Earthquake Risks and Effects of Earthquake Load on Behavior of Wood Frame Structure by Using International Residential Code (IRC)
Mahdi Hosseini1, Hadi Hosseini2, Seyed Amin Ahmadi Olounabadi3, Ahmad Hosseini4
1Mahdi Hosseini , Ph.D. scholar student in Structural Engineering, Dept. of Civil Engineering, Aligarh Muslim University (AMU), Aligarh, Uttar Pradesh , India
2Dr. Hadi Hosseini, Ph.D. Aerospace Engineering, working in International Earthquake Research Center of America (IERCA),
3Seyed Amin Ahmadi Olounabadi, Ph.D. scholar student in Computer Science and Engineering, Dept. of Computer Science and Engineering, Jawaharlal Nehru Technological University Hyderabad (JNTUH), Hyderabad (Telangana), India.
4Ahmad Hosseini, Graduate Student in Mechanical Engineering, Dept. of Mechanical Engineering, Kakatiya University ,Warangal, Telengana, India.
Manuscript received on 15 June 2015 | Revised Manuscript received on 25 June 2015 | Manuscript Published on 30 June 2015 | PP: 8-24 | Volume-4 Issue-5, June 2015 | Retrieval Number: E3987064515/15©BEIESP
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© The Authors. Blue Eyes Intelligence Engineering and Sciences Publication (BEIESP). This is an open access article under the CC-BY-NC-ND license (http://creativecommons.org/licenses/by-nc-nd/4.0/)
Abstract: This paper discusses the earthquake-resistance implications of additions and alterations and provides recommendations and references for earthquake upgrades. This paper provides information on current best practices for earthquake-resistant house design and construction for use by builders, designers, code enforcement personnel, and potential homeowners at hill regions. It also introduces and explains the effects of earthquake loads on one- and two-family detached houses with wood frame structure and identifies the requirements of the 2003 International Residential Code (IRC) intended to resist these loads. The paper was a timely intervention aiming to strengthen the institutional capacities at all levels for reducing seismic risks, and to plan and implement earthquake risk reduction and disaster recovery preparedness measures in selected municipalities. The paper was greatly contributed to earthquake preparedness planning and safe construction practices for new buildings and retrofitting of existing poorly constructed unsafe buildings in Hilly regions. Post earthquake damage survey revealed that 90% of casualties result directly from the collapse of buildings that had usually no earthquakeresistant features. Mainly the paper enhanced the skills of construction engineers, architects and masons about safe building design and construction.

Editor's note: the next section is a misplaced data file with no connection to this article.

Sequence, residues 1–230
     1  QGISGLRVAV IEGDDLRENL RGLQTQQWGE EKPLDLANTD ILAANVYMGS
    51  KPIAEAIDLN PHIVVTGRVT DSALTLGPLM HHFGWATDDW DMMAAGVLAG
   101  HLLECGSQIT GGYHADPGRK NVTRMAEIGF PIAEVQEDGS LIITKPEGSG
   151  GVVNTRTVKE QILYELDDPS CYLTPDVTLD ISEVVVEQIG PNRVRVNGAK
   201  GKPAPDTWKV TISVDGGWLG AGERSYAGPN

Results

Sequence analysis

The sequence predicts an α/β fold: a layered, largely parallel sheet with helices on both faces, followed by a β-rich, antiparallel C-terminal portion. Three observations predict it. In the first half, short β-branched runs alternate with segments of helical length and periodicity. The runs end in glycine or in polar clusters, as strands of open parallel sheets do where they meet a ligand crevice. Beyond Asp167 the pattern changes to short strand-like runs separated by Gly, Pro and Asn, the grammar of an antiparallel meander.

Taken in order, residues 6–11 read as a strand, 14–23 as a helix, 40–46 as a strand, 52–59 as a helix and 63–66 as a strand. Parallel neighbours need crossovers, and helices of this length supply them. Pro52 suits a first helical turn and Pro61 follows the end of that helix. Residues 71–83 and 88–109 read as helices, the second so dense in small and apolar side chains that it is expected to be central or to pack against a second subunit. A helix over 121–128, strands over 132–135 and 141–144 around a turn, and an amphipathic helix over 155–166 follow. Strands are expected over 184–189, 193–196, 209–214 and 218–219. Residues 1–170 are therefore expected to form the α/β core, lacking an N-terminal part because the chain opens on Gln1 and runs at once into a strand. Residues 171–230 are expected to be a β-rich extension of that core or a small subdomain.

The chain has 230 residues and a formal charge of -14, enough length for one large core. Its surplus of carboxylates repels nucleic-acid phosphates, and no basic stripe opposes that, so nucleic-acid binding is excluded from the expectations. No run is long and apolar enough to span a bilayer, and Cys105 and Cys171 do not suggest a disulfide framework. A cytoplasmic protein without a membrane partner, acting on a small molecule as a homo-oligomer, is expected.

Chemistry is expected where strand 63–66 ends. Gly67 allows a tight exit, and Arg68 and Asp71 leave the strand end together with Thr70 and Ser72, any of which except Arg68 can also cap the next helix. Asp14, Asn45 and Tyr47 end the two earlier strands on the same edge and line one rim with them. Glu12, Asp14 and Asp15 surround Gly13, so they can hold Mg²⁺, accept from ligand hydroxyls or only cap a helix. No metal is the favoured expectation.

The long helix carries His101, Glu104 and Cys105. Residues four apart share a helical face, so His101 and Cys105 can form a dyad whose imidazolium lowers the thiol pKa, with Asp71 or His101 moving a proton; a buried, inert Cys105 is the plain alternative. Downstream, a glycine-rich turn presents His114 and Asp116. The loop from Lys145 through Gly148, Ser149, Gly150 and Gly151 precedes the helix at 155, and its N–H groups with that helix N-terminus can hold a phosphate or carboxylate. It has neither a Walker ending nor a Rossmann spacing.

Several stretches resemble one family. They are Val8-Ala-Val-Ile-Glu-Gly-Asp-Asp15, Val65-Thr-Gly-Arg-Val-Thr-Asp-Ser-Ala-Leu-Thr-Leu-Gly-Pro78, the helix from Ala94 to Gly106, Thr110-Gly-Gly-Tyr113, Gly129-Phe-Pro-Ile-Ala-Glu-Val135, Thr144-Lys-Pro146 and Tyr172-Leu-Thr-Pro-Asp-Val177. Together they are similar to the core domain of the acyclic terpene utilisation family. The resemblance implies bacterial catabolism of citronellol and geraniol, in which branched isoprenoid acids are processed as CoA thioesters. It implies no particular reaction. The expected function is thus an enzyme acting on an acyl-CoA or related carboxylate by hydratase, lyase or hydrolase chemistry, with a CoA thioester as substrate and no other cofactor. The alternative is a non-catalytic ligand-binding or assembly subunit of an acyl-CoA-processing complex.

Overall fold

Keywords: Earthquake, Construction, Hill Region, Safe Constructions, International Residential Code(IRC), Wood Frame Structure
Scope of the Article: Construction Engineering